To transition to the Preventing Plagiarism activity, students viewed the video Citation: A Very Brief Introduction (Library of North Carolina State University). The video animation illustrates how ideas build upon multiple sources: entering into a dialogue with multiple ideas allows students to make their own connections.


Make Connections with Multiple Viewpoints

The Preventing Plagiarism activity to evaluate the controversial news stories was adapted from a “Paraphrase Practice” activity in Barry Gilmore’s book, Plagiarism: A How-Not-To Guide for Students. During this activity, students

  • used the first two paragraphs of the new story to write a general summary
  • looked closely to identify an important sentence;
  • circled three to four important words to write a paraphrased sentence
  • and located one more important quote in the article to practice introducing a direct quote and citing with an in-text citation.

As eighth grade students read the NYT article to select their quote, they weighed multiple viewpoints. Was the decision to delay the Tubman $20 bill driven by 1) anti-counterfeiting safeguards (viewpoint of treasury secretary); 2) race and culture (viewpoint of Democratic Senator); or political correctness (viewpoint of President Donald Trump)? Students worked in groups of two so that they could talk aloud and tweak their paraphrased sentences (making sure the sentences were in their own words).  Eighth graders shared their sentences aloud, and we noted how individual student voices were evident in the results.

Seventh grade students followed the same paraphrase activity as eighth grade, but they used the NYT article about Streisand’s decision to clone her dog. Students then were challenged to look closely at quotes from a chapter in The House of the Scorpion to write a comparison/contrast paragraph discussing motivations of the character El Patron for cloning the boy, Matt.  Sentence stems were provided to aid students’ discussion:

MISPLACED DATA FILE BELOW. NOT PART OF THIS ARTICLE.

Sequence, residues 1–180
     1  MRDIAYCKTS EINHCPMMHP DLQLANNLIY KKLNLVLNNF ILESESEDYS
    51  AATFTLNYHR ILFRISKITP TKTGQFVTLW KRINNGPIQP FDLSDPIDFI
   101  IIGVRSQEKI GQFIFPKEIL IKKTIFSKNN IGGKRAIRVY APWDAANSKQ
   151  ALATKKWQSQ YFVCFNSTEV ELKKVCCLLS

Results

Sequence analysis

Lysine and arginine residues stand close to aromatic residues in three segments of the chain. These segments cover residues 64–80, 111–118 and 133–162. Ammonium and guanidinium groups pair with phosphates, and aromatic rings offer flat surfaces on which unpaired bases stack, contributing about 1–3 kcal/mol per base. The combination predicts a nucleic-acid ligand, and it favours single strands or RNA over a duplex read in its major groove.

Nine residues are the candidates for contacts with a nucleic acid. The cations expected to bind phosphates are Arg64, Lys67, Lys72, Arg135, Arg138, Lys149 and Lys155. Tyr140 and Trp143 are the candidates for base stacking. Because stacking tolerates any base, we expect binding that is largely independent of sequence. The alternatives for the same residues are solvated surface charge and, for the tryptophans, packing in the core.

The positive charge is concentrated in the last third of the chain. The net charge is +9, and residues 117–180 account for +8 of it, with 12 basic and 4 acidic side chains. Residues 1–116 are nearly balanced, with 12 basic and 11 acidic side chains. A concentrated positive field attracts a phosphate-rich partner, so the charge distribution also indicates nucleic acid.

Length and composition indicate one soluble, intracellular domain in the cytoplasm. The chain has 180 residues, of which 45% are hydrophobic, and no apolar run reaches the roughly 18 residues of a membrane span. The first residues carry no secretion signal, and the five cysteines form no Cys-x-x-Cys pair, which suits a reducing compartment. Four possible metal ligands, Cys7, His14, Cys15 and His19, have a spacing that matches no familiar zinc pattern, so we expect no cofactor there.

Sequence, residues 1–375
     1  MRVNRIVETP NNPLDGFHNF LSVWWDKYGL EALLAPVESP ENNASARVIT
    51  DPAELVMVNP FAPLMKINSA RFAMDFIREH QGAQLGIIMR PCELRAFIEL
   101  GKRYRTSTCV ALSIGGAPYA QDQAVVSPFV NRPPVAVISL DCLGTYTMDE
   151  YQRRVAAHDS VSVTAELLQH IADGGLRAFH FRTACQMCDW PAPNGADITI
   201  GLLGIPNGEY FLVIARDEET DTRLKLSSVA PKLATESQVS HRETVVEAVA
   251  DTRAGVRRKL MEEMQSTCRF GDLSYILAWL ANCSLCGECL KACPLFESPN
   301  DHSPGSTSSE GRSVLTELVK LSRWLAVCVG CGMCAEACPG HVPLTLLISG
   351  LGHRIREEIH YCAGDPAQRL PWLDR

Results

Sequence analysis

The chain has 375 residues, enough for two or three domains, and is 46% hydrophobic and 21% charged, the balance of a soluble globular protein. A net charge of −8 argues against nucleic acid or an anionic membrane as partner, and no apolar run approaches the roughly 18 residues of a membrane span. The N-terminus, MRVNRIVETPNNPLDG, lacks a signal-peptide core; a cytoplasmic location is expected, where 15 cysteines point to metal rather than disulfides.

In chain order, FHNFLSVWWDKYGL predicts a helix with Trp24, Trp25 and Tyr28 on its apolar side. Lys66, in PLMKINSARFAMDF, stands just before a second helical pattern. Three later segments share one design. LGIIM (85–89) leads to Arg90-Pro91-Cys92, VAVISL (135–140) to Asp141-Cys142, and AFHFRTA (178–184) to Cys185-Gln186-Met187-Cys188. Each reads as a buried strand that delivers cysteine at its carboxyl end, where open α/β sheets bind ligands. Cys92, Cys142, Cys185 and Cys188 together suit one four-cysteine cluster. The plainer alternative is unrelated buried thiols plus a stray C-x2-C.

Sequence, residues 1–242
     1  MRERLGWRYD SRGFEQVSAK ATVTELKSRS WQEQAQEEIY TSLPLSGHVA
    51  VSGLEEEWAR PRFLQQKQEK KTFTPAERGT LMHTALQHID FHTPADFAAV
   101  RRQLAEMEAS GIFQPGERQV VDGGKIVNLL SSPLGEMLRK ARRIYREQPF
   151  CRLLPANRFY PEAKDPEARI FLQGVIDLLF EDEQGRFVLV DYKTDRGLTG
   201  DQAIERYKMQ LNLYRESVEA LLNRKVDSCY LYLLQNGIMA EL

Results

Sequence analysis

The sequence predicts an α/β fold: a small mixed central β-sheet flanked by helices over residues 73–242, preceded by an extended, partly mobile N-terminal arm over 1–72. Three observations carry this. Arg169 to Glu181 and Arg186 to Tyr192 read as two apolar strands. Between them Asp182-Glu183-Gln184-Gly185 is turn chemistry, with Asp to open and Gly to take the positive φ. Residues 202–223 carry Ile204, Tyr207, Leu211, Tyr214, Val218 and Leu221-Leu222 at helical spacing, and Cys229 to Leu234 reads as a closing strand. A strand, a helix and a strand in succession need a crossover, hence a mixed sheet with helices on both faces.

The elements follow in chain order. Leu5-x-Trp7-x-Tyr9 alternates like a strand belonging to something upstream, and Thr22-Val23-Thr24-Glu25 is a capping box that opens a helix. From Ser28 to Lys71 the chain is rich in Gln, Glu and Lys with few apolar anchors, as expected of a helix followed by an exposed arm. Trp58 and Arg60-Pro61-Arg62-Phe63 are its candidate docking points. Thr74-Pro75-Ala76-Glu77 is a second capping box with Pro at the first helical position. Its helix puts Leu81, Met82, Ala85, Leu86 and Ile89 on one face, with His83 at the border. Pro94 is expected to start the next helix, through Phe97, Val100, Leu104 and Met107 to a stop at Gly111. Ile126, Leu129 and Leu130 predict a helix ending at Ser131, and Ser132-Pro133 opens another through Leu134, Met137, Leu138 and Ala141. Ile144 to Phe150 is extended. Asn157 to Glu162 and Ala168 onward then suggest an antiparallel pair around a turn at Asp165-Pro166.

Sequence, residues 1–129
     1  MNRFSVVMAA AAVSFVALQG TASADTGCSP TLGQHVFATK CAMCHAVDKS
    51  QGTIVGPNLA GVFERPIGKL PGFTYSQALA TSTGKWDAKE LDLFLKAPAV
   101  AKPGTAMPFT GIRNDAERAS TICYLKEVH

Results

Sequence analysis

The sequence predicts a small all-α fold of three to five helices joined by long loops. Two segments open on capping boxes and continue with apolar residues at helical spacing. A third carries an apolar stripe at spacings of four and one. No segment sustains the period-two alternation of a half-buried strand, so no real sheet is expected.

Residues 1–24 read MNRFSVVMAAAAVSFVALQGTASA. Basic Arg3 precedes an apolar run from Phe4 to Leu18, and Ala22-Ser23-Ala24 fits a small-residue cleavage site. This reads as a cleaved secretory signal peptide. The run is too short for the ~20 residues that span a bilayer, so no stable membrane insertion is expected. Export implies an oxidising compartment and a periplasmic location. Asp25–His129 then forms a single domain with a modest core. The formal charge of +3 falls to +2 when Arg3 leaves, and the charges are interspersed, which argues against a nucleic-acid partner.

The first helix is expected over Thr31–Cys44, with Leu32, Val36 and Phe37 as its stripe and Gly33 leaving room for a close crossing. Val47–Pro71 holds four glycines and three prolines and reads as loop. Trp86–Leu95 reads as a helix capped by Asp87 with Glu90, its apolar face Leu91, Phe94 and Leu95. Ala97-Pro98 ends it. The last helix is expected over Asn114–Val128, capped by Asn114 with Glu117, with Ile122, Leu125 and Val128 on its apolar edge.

Reflection on the Preventing Plagiarism Activity

As a short introduction to strategies for paraphrasing and citing sources, this lesson was successful.  This forty-five minute class did not allow for additional activities, but eighth graders could be challenged to research further the historical background of Harriet Tubman and Andrew Jackson as they weigh the question of “What do we value as we decide who is featured on U.S. currency?”  The seventh grade teacher suggested a Socratic discussion could be a follow-up activity as students discuss further the character motivations and ethics of cloning. This Preventing Plagiarism activity promoted interesting insights from students and provided an opportunity for students to listen to their peers and appreciate how each used a similar source of information and added their own voice.

Bibliography

Barry, Dan, et al. “Correcting the Record: Times Reporter Who Resigned Leaves Long Trail of Deception.” New York Times, 11 May 2003, www.nytimes.com/2003/05/11/us/correcting-the-record-times-reporter-who-resigned-leaves-long-trail-of-deception.html. Accessed 26 Aug. 2019.

“Citation: A Very Brief Introduction.” YouTube, uploaded by Libncsu, North Carolina State University, 23 July 2014, www.youtube.com/watch?v=IMhMuVvXCVw. Accessed 25 Aug. 2019.

DeSena, Laura Hennessey. Preventing Plagiarism. National Council of Teachers of English, 2007.

Farmer, Nancy. The House of the Scorpion. Atheneum Books for Young Readers, 2004.

Gilmore, Barry. Preventing Plagiarism: A How-Not-To Guide for Students. Heinemann, 2009.

Holt, Karen. “‘How Opal Mehta Got Kissed,’ Then Got Pulled.” Interview by Melissa Block. NPR, 28 Apr. 2006, www.npr.org/templates/story/story.php?storyId=5369768. Accessed 6 Oct. 2019.

Streisand, Barbra. “Barbra Streisand Explains: Why I Cloned My Dog.” New York Times, 2 Mar. 2018, www.nytimes.com/2018/03/02/style/barbra-streisand-cloned-her-dog.html. Accessed 26 Aug. 2019.

Zhou, David. “Student’s Novel Faces Plagiarism Controversy.” The Harvard Crimson, 23 Apr. 2006, www.thecrimson.com/article/2006/4/23/students-novel-faces-plagiarism-controversy-beditors/. Accessed 26 Aug. 2019.